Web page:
Leaders of the Republican-controlled General Assembly say they are rejecting Democratic Gov. Terry McAuliffe's pick for the Virginia Supreme Court in favor of a their own selection.
House Speaker William J. Howell and Senate Majority Leader Thomas K. Norment, Jr. said late Sunday that the legislature plans to appoint Rossie D. Alston Jr. to the high court during an upcoming special session.
Alston is currently a member of the Virginia Court of Appeals. His appointment would mean the dismissal of Jane Marum Roush, who McAuliffe appointed late last month.
Republicans said they have no qualms with Roush's qualifications. But Republican Del. Greg Habeeb said the General Assembly has the ultimate authority on appointing judges and McAuliffe did a poor job of consulting with GOP leaders before making his selection.
A British jury has found a former Citibank and UBS trader guilty of being the ringmaster in the manipulation of a key interest rate, the London Interbank Lending Rate, or Libor.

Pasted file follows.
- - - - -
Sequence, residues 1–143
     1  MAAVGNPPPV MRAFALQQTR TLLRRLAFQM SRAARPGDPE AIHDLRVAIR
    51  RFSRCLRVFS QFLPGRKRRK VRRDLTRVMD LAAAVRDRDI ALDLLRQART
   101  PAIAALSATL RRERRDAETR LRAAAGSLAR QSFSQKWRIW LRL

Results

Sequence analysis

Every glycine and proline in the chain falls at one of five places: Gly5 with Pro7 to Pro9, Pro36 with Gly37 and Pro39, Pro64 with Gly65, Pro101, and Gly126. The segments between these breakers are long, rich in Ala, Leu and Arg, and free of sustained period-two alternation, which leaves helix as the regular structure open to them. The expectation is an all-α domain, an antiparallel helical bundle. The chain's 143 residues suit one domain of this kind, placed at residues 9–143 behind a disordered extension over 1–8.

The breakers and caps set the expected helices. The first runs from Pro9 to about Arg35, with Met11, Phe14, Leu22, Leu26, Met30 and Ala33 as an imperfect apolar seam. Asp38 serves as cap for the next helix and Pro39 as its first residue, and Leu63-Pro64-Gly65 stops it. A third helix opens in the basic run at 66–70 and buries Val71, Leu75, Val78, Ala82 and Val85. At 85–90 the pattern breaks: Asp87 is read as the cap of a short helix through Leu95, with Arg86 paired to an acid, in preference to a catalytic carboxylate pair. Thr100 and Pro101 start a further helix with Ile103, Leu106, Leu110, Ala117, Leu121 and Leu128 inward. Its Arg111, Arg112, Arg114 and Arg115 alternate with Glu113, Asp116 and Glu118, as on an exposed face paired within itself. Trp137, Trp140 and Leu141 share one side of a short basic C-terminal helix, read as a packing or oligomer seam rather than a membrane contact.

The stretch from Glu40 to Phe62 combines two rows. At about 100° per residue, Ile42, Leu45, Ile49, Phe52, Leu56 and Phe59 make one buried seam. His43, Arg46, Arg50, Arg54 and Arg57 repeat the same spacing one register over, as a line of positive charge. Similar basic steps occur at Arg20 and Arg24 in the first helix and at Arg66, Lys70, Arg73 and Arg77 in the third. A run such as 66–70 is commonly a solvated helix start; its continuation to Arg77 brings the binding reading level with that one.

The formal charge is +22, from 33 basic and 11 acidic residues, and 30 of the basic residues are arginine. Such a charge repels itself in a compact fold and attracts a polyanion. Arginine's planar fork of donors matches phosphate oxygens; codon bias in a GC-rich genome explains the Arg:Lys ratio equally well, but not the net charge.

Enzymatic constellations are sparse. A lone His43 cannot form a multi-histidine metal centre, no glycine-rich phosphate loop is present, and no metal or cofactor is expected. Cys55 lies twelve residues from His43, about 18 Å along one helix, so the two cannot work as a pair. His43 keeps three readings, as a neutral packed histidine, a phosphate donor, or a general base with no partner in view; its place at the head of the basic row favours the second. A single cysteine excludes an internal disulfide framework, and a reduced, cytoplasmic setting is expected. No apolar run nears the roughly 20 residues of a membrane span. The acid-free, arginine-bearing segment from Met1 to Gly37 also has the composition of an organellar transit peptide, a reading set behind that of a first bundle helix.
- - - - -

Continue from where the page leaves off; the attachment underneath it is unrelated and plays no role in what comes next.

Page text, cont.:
The jury on Monday found 35-year-old Tom Hayes, who specialized in products pegged to yen-denominated Libor, guilty of manipulating the rate from 2006 to 2010. He was charged with conspiring with other traders — but he says he was made a scapegoat for a common practice.
Libor is a key rate that banks use to borrow from each other. Revelations that it was rigged shook the markets because the rate affects what people pay when they take out loans, such as a car loan.
Hayes is the first to be convicted by a U.K. jury of Libor rigging.
Tom Brady's lawsuit against the NFL in which he wants his four-game suspension overturned will be heard in New York instead of Minnesota.